Thinking About – Lughnasadh/Lammas

Thinking About – Lughnasadh/Lammas

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This morning I read the article on Patheos Pagan by my buddy Jason Mankey called Why No One Loves Lammas (or Lughnasadh) and felt moved to put finger to keyboard and type my thoughts.

I have always had a complicated relationship with Lughnasadh, but I wouldn’t say that I don’t love the festival. I love them all in different ways. I’m very lucky to live on the seasonal line where the Pagan Wheel of the Year makes total sense. Every festival reflects what is happening to the land around me. From the snowdrops and lambs of Imbolc, the May Blossom of Beltane, the green wheat and hedgerows full of Elderflower at the Summer Solstice, the falling of the wheat in the fields of Lughnasadh, bright apples and berries at the Autumn Equinox, storms and gathering darkness of Samhain, and the early evenings and stillness of the Sun’s rebirth at the Winter Solstice. It’s all there. How can I not love it all?

However regular readers will know that I am most definitely a Spring and Summer person. It’s been hot here for a week or so, but we have nothing like the Summers of the southern states of the USA. On the whole here they are very warm, but bearable. So the first complication with my relationship with Lughnasadh is that is marks the high point of Summer that also shows the first stirrings of Autumn. To a Sun worshipper that means it’s all downhill from here. The days will soon be visibly shorter, the evenings tangibly colder. It means Autumn is on its way, and although I like the colours of Autumn, I know what comes next, and soon that warmth I love so much will be very far away. It used to get me down quite a lot, but for some years now I have learned to live far more in the moment, and to see the beauty in all of the seasons, so the dread of the darkness of Winter falls more lightly upon my shoulders these days.

Complication the first…

But this is the big one.

I get very emotional at Lughnasadh. I see the seasons reflected as a dance and relationship between the Green Man/Horned God and the Earth Goddess. It’s the story that was told to me when I first found Paganism and I love it. I follow the youth as he grows, his face reflected in the fresh green leaves, as the green of the corn at the Summer Solstice, and at Lughnasadh he stands, old, pale and wan, as the Three Men from the West, and the Goddess stand, scythe in hand to slay her son/lover.

That moment is the ultimate moment.

It’s what the entire Wheel of the Year has been moving towards.

In that moment, as the wheat falls, we see life reflected in death. John Barleycorn falls – we can eat. Without that sacrifice that happens to every single piece of food on our plates, meat, vegetables, bread, ale, whisky, cereal, none of it exists without that sacrifice, and the falling of the wheat, to me, offers me a moment to give thanks, to honour all off the plants and animals that die so that I can live. Without the turning of the seasons, without the dance of the God and Goddess, there would be no life. The seasons and the cycle of life shown in the Wheel of the Year affects everything. So when I see the representative of the Life of the Fields symbolically cut down, and those seeds fall from their hands onto the earth, well, it’s emotional.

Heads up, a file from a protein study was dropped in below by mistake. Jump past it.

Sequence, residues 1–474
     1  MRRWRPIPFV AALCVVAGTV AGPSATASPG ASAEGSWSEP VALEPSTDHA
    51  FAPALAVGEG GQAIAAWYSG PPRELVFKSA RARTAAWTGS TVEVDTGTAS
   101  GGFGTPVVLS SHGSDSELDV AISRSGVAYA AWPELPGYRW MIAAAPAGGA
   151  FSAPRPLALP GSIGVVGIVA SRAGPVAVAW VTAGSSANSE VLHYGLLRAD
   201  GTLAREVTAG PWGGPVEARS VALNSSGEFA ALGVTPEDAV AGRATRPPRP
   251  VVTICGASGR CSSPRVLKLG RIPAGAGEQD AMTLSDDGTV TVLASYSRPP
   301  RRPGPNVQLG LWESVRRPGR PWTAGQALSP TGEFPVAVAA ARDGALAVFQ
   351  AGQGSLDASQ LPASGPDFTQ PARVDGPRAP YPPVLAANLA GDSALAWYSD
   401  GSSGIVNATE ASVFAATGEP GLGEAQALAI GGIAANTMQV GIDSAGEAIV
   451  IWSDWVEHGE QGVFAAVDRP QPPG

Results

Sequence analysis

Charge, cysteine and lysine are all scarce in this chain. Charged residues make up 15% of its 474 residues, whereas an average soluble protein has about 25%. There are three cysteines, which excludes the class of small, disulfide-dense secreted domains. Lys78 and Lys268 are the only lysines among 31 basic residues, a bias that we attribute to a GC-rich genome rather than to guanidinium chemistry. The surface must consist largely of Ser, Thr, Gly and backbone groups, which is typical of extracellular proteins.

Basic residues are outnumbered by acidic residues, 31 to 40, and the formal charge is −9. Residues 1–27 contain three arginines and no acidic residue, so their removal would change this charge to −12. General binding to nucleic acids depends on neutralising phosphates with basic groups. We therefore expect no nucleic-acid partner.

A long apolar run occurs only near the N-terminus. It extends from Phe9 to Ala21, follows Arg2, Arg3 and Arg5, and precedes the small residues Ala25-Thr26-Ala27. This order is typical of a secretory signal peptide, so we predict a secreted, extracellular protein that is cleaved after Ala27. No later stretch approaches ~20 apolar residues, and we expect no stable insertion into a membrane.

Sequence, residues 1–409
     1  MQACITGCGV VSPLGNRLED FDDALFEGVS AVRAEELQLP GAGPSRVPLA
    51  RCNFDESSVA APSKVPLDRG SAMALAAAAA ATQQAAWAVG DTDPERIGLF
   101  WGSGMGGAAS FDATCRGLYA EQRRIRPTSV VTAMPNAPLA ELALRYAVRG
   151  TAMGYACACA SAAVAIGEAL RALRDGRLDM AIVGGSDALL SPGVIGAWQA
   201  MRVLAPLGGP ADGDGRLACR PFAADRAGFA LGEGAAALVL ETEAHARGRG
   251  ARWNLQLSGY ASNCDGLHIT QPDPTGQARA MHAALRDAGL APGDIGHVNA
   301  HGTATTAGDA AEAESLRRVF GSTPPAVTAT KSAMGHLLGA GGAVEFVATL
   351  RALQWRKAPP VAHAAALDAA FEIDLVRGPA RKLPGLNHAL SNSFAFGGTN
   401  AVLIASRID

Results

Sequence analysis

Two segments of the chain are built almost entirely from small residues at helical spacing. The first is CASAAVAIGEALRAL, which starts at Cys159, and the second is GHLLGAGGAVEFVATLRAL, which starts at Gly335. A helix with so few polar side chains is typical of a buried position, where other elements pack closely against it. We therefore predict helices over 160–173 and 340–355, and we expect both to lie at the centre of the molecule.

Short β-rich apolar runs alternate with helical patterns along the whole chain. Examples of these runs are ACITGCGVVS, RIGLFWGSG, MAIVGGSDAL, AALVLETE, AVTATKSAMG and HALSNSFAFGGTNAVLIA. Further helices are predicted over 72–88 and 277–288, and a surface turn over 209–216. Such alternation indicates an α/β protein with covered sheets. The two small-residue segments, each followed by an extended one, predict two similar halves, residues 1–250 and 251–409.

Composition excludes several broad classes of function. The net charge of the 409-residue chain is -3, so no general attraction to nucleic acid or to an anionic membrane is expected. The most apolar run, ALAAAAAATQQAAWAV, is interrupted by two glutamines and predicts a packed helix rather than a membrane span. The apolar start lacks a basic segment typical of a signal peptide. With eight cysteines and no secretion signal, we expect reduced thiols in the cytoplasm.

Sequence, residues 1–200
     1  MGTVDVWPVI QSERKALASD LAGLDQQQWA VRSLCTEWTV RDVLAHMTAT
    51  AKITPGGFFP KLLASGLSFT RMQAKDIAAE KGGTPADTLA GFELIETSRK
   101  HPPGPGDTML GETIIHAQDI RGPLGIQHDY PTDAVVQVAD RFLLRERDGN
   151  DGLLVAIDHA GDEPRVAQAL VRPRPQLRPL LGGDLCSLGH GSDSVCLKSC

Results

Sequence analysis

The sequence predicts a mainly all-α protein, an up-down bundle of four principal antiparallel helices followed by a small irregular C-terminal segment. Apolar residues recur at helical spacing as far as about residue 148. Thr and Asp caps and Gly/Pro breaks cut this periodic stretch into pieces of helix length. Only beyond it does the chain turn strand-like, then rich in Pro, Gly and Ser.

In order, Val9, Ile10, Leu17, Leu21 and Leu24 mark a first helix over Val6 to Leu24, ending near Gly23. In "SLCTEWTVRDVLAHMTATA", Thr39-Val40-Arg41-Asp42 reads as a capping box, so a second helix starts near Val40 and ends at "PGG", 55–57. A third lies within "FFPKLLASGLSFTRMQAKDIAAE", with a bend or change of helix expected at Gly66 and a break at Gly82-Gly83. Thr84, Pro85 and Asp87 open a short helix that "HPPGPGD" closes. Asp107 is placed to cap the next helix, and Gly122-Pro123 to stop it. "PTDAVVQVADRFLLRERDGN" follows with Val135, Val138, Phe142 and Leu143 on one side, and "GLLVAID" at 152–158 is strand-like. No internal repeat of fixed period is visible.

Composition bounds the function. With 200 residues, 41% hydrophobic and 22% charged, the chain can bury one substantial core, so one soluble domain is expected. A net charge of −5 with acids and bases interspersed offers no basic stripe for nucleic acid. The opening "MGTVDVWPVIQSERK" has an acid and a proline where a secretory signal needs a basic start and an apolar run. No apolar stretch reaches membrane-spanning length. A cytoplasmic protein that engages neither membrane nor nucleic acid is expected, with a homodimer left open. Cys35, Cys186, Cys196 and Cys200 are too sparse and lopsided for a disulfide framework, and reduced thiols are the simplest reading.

Sad and joyful.

From then until the Winter Solstice the land is without that energy. The Horned God has transformed through the death of the wheat and now sits upon the throne of the Otherworld, waiting for the Goddess to return. As the Cailleach she opens the doors of the Otherworld at Samhain and out he will ride, to lead the Wild Hunt.

Do I love Lughnasadh like I do some of the other festivals? No, not really, but that isn’t to do with the lack of story, or that others around me aren’t celebrating it as we see with Samhain and the Winter Solstice, it’s because it’s a really painful and deep representation of what is happening in the fields and woodlands that surround me. I mourn the death of the Corn King as I would a friend, but I know that without that death, nothing lives.

11 responses to “Thinking About – Lughnasadh/Lammas”

  1. That is beautiful, Damh. I had not thought of Lughnasadh in those terms before, but it makes perfect sense.
    Since coming to paganism generally, and Druidry specifically, I look forward to all of the changes. I don’t love the bone chilling cold of winter here on the north central Atlantic coast of the United States, but I do love the stillness, and the quiet when it snows. The shorter days give me more time to reflect and plan for the coming spring.

    Blessings!

  2. When I first found paganism and it’s ceremonies, the male priests all inexplicably seemed to leave the coven in a huff, shortly after Lammas, and the explanation was that they couldn’t take the heat in the kitchen! … and a sickle-wielding High Priestess!! Over many years of a deepening relationship with this season of tender and selfless sacrifice, and a love that gives more than some understand… this time reminds me to honour all that fall that we may grow. “Sacrifice” means “sacred gift”…. and as you rightly say, all that we are given is honoured.. thank you for this loving reflection ❤️